With a lot of states forcing businesses to close their doors over the past couple months, small businesses felt the pain of little to no foot traffic.
Now, building customer relationships is more important than ever, and many businesses turned to the internet to help fill the gap in sales.
“Everything happened, as we all know, in a matter of three days the world changed dramatically,” said Dawn Johnson, owner of Mainstream Boutique Aurora and Mainstream Boutique Castle Pines in Colorado.
She’s been in business for seven years.
“The passion of a small business owner goes so much deeper than people know. It’s like a child,” she said.
Back in March, she was forced to close her doors. Her only solution was to move online.
“I would come in on the weekend. My husband would hold the camera, my daughter who is 16 she would model the clothes,” Johnson explained. “We tried things we never tried before.”
This included a virtual fashion show and a virtual selling event with one of their vendors.
With limited resources, Jonson and her staff managed to post their items for sale on platforms like Instagram and Facebook in a matter of days.
“Anything helps. Every time we get one sale on that I do a happy dance,” she said.
And the reach of the internet brought in a following from all over.
“One of the things we noticed is we had a captive audience for the first time ever,” she said.
“We are social beings and I think our limitations on our social interactions have 100 percent changed the way we do so many things,” said Melissa Akaka, an Associate Professor of Marketing at the University of Denver.
She does consumer insight research.
“Small businesses have especially had to become innovative about how they can maintain a relationship with their customers when they need to follow all of the social distancing protocols that are in place,” she explained.
Akaka said the pandemic has changed the way we buy things – and customer relationships, especially through social media, are more important than ever.
“Those who have really strong brands and really strong community ties with their customers or their followers, I think have a better chance of being able to succeed on this type of platform because they already have their customers built in,” she explained.
However, even companies with those strong ties are having a hard time.
“We have a following, but we’re still a small family business,” said Steve Weil, President of Rockmount Ranch Wear.
The company has been around 75 years, serving customers and other businesses with their clothing and other apparel. Rockmount went online back in 2001.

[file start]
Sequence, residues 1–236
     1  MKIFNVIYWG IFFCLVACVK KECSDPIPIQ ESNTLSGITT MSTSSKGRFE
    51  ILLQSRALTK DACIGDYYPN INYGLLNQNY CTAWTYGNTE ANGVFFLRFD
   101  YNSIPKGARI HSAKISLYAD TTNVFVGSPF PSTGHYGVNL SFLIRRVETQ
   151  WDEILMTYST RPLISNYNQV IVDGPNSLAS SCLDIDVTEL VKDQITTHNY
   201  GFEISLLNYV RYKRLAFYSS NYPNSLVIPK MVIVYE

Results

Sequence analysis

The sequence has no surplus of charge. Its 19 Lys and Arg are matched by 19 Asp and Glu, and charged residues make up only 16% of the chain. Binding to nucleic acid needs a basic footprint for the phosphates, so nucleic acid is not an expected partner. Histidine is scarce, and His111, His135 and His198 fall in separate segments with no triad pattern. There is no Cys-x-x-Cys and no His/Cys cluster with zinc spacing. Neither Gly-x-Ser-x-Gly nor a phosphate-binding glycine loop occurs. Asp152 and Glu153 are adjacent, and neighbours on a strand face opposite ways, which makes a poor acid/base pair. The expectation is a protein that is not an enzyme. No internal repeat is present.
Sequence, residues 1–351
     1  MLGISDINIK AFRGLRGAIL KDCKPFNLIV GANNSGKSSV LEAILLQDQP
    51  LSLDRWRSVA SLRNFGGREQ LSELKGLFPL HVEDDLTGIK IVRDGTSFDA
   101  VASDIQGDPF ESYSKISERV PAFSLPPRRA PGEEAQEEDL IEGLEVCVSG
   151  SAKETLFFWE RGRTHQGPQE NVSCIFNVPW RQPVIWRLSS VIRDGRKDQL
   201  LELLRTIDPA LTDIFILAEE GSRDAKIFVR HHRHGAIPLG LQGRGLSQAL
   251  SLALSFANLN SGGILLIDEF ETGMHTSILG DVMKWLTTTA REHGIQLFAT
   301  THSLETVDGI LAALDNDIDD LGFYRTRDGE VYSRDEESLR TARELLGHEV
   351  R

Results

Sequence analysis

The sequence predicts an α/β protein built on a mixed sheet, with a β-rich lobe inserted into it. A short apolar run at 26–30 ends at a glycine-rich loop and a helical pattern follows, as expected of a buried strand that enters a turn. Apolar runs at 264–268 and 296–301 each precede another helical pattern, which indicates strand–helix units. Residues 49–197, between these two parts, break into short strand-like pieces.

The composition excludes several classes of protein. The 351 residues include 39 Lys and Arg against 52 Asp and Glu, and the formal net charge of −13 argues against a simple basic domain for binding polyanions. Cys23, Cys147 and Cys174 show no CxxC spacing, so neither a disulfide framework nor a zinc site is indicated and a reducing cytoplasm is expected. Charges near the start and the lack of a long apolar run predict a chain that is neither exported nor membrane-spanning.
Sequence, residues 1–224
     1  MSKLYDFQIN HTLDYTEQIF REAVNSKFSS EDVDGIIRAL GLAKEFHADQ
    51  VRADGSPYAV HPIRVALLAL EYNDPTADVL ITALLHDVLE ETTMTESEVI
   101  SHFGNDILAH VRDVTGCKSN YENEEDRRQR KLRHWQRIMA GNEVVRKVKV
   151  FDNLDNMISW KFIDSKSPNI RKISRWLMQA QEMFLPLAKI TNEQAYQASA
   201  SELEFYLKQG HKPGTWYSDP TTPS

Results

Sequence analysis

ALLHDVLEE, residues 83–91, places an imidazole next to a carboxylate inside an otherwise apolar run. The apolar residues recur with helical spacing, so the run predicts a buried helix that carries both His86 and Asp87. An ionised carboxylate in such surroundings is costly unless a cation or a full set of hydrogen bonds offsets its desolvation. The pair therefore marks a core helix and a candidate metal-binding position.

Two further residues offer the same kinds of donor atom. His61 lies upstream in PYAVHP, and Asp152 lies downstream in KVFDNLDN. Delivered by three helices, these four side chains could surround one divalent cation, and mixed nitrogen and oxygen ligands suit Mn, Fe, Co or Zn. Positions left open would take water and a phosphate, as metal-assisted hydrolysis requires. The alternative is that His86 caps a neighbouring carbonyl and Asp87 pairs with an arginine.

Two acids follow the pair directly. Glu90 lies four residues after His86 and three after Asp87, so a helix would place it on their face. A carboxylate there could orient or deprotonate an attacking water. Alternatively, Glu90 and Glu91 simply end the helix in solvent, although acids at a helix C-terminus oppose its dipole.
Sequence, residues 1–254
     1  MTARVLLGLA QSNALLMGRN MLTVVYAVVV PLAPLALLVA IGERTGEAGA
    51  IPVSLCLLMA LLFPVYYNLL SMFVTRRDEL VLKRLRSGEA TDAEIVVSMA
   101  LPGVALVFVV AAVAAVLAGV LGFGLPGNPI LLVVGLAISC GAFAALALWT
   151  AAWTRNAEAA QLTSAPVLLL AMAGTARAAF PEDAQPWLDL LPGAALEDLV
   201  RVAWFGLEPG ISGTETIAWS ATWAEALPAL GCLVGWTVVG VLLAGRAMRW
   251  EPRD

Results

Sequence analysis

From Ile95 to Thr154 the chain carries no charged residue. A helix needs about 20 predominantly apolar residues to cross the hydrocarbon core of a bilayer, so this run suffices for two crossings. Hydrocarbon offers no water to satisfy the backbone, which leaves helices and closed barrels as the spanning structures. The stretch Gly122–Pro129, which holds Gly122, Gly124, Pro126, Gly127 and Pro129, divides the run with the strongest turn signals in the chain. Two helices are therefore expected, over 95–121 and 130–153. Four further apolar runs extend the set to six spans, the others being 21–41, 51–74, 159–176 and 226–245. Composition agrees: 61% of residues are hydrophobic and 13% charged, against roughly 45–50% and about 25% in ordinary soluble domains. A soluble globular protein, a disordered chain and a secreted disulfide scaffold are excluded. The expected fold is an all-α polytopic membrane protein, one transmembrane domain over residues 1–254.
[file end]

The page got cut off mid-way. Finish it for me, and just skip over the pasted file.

“That has been our lifeblood quite frankly, because it enabled us to reach the world in a…disrupted retail landscape,” Weil explained. “Since COVID, it was part of our business that continued to operate whereas retail did not.”
Long standing businesses like this, have seen hard times before.
“Everything from tornadoes wiping our factories, to the Great Recession, and now this,” he said. “The secret of survival is never forgetting that disasters happen, and we’ve been through them every 10 years for 75 years.”
Even with the help of the internet and social media, both Johnson and Weil saw a drop in sales in recent months.
“It was less, it wasn't the same. But what it was able to do is keep us going because we literally would have had no income at all,” Johnson said.
“Our sales plummeted to less than half of normal,” Weil said.
Big social media sites like Facebook and Instagram are trying to make a difference by offering a platform for small businesses to market and sell. Facebook recently announced Facebook Shops, which will allow businesses to sell their items directly on their platform, without taking them to another site. Johnson said she plans on taking advantage of that as well.
“The Facebook and the Instagrams of the world, it means a lot for companies to recognize how hard it is for small businesses. We’ll try anything to see if it works,” Johnson said.
Akaka said when it comes to small businesses, there’s a lot of room for innovation, as customer relationships and online presence becomes more important.
“Those who can figure out how to adapt and really think through solutions to not just their business problems but to their customers' problems,” she explained. “Those who can step up and be solutions for that are going to weather the storm much better.”